Woke up to the sound of the owls hooting in the woods. About five minutes later there was a shift change because the owls stopped and the birds started chirping.
Tried listening to slower Spiritualized music for the morning but that didn’t work too much for the motivation.
Got to the water cistern and saw Muk Muk and UB sitting ontop of it eating breakfast. I joined them and made breakfast and coffee. Still can’t believe how fast the jetboil heats up water. I liked it so much that I made a second cup of coffee.
Continued along and the trail wound its way up into some nice trees. Talked to ______ and he told me how he had lost 25 pounds already. To counteract this he but a bunch of pot and munchies and was hoping that was going to work. On the other hand, I have not lost any weight but I have also been eating a lot too.
Listened to the Best Show on WFMU via podcast, it was a pretty funny show and the next three ours went by pretty quick.
Really classy “responsible gun owners”, shooting up a memorial:
Passed the 500 mile mark!
Well, the last day for these socks..
Before the trail started dropping I stopped to go pee on the side of the trail. I was singing along and everything. After I was done I looked up and Gavin was resting about 15 feet away from me up against a tree. D’oh! I apologized and he laughed.
Around 4pm I stopped at a water cache about six miles from Hikertown. I was getting hungry so I made an early dinner. Gavin, Muk Muk, and UB showed up soon after. The wind was blowing pretty hard so we didn’t hang out that long.
The trail went up/down/right/left a crazy amount of times over the next seven miles. The whole time I kept looking at the dirt road below which was probably laughing at me. Someone said the flat dirt road in the valley is about three miles shorter.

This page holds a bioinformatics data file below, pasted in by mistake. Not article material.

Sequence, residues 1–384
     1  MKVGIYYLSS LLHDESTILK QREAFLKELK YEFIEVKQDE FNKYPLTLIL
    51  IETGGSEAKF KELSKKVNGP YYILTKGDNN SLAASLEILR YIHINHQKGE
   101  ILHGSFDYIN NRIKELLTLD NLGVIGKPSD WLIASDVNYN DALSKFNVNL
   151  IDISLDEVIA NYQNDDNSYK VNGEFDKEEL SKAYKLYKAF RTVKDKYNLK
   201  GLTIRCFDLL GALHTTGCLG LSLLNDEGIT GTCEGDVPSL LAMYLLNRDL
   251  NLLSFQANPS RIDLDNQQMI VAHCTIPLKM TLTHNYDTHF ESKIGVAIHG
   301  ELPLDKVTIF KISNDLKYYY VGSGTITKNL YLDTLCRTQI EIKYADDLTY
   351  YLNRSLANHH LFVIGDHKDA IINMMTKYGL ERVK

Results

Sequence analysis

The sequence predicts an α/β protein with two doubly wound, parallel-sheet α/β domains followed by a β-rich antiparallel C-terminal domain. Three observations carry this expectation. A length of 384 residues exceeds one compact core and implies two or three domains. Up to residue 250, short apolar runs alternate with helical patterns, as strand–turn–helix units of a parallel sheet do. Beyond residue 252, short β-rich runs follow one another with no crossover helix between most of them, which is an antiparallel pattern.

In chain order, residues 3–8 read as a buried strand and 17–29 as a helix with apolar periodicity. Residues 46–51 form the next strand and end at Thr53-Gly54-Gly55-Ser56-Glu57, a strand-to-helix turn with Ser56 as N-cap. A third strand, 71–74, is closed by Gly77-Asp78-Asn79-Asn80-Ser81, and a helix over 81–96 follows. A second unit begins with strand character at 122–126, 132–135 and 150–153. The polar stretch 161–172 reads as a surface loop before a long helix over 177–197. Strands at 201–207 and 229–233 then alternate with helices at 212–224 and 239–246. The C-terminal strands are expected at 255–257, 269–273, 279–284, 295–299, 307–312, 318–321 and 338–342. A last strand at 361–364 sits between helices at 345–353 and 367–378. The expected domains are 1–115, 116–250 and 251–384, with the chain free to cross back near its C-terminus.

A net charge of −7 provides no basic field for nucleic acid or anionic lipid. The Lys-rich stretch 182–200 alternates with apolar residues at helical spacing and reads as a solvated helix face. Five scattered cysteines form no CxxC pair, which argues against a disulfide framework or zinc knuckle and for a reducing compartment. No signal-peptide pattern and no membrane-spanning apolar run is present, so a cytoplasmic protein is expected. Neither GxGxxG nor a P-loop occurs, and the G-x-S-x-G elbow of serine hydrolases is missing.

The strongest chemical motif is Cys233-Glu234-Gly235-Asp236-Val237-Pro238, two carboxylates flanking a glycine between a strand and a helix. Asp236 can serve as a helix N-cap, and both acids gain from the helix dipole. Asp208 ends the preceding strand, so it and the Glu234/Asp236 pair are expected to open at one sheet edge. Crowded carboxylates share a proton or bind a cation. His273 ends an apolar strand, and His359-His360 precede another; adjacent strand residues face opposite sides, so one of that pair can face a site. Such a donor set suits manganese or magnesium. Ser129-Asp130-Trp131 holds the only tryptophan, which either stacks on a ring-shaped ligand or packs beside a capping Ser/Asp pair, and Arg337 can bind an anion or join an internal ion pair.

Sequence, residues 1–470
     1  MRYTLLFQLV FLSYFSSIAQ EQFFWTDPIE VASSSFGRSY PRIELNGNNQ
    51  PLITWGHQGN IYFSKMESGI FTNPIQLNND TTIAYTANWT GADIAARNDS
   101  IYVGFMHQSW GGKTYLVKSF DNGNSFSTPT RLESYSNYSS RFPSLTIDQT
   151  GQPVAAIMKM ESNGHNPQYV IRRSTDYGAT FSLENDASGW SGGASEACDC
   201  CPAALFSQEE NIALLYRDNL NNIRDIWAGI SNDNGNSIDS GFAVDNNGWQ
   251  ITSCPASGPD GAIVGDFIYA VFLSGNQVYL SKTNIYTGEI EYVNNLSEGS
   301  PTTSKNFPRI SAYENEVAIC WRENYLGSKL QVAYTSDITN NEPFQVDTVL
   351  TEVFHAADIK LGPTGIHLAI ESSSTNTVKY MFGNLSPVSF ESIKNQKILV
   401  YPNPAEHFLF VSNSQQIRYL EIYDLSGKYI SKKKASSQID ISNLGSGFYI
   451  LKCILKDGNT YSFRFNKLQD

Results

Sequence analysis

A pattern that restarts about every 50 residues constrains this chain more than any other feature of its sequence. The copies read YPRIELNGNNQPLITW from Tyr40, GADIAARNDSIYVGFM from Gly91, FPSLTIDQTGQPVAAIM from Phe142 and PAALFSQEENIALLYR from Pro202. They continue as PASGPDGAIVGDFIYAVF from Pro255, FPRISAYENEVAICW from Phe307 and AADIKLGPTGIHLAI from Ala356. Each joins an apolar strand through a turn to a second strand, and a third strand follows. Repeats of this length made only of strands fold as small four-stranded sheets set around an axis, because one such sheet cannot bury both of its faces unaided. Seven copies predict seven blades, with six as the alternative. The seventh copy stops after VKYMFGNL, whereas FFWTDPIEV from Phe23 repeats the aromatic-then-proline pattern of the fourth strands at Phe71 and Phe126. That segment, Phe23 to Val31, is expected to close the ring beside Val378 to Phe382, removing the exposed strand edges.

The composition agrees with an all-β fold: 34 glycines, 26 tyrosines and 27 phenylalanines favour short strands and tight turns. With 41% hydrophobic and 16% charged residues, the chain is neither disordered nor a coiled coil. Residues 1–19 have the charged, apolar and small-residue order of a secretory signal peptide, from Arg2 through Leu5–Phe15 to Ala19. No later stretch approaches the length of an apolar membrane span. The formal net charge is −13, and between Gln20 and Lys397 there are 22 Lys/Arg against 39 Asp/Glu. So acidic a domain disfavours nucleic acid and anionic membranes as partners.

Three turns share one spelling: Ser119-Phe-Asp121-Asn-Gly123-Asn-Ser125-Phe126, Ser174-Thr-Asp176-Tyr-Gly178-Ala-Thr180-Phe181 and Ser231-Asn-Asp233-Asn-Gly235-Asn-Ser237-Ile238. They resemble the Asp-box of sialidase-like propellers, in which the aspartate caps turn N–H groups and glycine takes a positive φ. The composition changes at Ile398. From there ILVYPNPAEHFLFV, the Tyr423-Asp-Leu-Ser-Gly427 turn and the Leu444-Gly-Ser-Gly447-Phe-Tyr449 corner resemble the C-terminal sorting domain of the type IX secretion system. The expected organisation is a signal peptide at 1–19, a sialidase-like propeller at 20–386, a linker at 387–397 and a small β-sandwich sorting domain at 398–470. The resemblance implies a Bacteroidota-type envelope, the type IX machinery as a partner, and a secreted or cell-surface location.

Got to Hikertown before sunset. The last time I was here was December 1st, 1996 when a guy named Jack Fair owned the place. The house and garage were still the same, but there were all these little themed buildings around for the hikers to stay in now. I talked to the caretaker Bob and got my resupply box. I actually didn’t even really need much of the food in the box since I had enough already to get me the 40 miles to my next resupply in Mojave. Looks like I will be dumping food in the hiker box here.
I was going to stay in the “Feed Shed” but Bob made a comment about how the cat slept in there…so I opted to stay in the “Doctor’s Quarters”. The buildings are tiny, which I later found out that they used to be bigger but were cut in half as to not have to deal with building permit issues. Someone was in the DQ already so I told Bob and he put me in a trailer that they keep the towels and linens. The smell had the exact same smell that my Grandma Van’s house had in Naches, WA. It was kind of bizarre. At the bottom of the front steps were these concrete pads with all kinds of housekeys in them, I had remembered seeing them in front of Jack’s house originally, but had completely forgotten about them until now.
The guy who owned the store a few miles down the road showed up to give anyone a ride to his store. Gavin, Yard Sale, and I rode with him. The owner (I missed his name) had lived in the area over the last 20 years. He was telling us about all the people who had died in the nearby canyons from exposure. A lot of people will go out for the day and not realize that it gets down to 50 degrees at night, that or not carry enough water and die from dehydration. He said that he used to have a bloodhound and he would get a call when someone turned up missing.
He told us the last time that he and his dog (I didn’t get her name either) went out to find someone, they ended up finding the body in a canyon. He said his dog didn’t eat or move for three weeks, she was so sad. I had no idea a dog would go through those kinds of emotions over seeing a dead body. He said “oh yes, they know….after she started eating again I put an end to her days of going out on rescue trips…I didn’t want to put her through that again”